Cultural context shapes essentialist beliefs about religion

Lisa Chalik, Sarah Jane Leslie, Marjorie Rhodes

Research output: Contribution to journalArticlepeer-review


The present study investigates the processes by which essentialist beliefs about religious categories develop. Children (ages 5 and 10) and adults (n = 350) from 2 religious groups (Jewish and Christian), with a range of levels of religiosity, completed switched-at-birth tasks in which they were told that a baby had been born to parents of 1 religion but raised by parents of another religion. Results indicated that younger children saw religion-based categories as possible essential kinds, regardless of the child's own religious background, but that culture-specific patterns emerged across development. This work shows that cultural context plays a powerful role in guiding the development of essentialist beliefs about religious categories.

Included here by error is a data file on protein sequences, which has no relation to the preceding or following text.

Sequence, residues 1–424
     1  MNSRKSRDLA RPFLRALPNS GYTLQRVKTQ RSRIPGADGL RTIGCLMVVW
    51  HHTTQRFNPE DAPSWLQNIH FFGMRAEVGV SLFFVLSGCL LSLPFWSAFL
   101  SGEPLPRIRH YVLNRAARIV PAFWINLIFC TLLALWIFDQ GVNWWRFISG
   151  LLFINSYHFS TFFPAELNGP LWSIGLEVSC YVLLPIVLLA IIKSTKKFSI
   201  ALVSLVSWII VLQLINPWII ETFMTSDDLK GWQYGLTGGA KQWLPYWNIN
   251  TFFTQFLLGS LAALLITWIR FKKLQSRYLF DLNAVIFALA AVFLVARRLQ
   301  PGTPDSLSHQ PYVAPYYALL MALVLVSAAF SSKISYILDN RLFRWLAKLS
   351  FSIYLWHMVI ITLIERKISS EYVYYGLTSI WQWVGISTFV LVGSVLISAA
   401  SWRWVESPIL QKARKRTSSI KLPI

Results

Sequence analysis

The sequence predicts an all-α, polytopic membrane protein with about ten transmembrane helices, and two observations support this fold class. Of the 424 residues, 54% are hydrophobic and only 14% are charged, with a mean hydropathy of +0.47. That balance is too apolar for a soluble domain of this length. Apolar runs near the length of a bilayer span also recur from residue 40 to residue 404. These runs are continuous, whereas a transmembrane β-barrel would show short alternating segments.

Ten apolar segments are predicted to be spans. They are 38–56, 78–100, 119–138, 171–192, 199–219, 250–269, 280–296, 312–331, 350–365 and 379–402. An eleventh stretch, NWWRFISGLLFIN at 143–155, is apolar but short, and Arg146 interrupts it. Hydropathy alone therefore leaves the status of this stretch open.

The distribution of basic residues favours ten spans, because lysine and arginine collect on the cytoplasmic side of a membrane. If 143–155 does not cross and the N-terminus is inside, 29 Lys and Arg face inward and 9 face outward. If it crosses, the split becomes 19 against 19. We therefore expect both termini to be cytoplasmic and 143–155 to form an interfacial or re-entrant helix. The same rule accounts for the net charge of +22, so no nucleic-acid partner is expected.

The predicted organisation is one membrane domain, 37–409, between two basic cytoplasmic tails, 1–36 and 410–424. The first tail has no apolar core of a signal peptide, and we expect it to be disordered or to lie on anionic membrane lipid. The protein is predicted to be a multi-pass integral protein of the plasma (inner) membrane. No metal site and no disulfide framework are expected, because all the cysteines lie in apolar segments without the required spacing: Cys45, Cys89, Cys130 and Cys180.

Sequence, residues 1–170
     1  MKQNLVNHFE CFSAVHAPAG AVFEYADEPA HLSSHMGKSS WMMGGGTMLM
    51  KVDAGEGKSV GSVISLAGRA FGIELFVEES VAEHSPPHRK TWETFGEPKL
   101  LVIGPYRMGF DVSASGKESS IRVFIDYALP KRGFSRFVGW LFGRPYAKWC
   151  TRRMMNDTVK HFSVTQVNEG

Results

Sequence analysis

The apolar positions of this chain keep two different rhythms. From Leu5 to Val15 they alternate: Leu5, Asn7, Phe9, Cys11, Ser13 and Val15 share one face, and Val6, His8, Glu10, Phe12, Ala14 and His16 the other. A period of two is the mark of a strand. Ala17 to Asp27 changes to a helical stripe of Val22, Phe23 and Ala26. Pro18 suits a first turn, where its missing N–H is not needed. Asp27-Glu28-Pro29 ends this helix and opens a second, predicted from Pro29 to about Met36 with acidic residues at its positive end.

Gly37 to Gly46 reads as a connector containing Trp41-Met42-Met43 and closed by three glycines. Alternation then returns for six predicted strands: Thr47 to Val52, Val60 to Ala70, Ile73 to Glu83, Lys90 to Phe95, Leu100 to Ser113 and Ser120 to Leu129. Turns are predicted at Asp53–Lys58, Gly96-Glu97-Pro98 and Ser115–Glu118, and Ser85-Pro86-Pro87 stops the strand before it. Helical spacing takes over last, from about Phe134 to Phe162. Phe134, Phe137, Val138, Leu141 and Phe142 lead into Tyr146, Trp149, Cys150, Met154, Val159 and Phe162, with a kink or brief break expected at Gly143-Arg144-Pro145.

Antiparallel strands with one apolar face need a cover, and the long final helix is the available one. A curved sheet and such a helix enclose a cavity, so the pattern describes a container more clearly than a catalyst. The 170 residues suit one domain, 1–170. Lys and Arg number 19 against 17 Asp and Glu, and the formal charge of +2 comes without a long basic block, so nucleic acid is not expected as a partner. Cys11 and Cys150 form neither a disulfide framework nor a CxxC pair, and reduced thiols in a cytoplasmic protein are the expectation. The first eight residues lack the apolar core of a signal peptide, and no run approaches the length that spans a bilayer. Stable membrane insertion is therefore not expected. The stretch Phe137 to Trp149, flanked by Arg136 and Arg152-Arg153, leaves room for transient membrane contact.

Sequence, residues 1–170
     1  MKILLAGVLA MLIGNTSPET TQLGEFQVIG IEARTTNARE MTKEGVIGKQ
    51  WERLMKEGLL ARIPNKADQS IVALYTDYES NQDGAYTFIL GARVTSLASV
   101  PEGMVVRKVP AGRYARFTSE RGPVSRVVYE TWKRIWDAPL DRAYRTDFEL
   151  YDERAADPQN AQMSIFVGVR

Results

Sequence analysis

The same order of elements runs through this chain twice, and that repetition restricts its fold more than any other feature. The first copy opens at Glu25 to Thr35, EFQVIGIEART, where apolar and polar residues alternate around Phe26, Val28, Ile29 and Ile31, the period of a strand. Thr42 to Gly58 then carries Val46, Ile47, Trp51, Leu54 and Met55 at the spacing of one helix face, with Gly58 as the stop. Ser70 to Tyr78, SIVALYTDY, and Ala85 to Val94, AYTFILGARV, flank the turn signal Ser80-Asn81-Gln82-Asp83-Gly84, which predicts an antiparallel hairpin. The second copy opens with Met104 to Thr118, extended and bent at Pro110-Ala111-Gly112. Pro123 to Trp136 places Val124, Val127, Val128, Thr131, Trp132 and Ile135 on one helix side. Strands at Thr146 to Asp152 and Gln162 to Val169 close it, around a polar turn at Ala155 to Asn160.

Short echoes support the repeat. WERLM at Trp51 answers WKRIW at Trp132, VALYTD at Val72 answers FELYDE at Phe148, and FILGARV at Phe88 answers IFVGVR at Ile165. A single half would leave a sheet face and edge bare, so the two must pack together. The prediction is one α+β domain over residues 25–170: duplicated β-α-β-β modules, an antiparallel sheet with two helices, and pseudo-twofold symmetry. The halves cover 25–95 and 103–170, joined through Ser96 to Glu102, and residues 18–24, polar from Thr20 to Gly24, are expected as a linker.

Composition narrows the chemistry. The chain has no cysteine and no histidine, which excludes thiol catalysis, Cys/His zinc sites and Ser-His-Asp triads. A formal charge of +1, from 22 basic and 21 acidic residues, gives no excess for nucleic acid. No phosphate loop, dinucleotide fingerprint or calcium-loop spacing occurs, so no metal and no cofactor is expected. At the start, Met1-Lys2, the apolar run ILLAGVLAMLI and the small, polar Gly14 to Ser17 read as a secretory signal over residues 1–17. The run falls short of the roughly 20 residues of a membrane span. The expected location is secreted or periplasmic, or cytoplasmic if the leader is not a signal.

Original languageEnglish (US)
Pages (from-to)1178-1187
Number of pages10
JournalDevelopmental psychology
Issue number6
StatePublished - Jun 2017


  • Psychological essentialism
  • Religion
  • Social categorization
  • Social-cognitive development

ASJC Scopus subject areas

  • Demography
  • Developmental and Educational Psychology
  • Life-span and Life-course Studies


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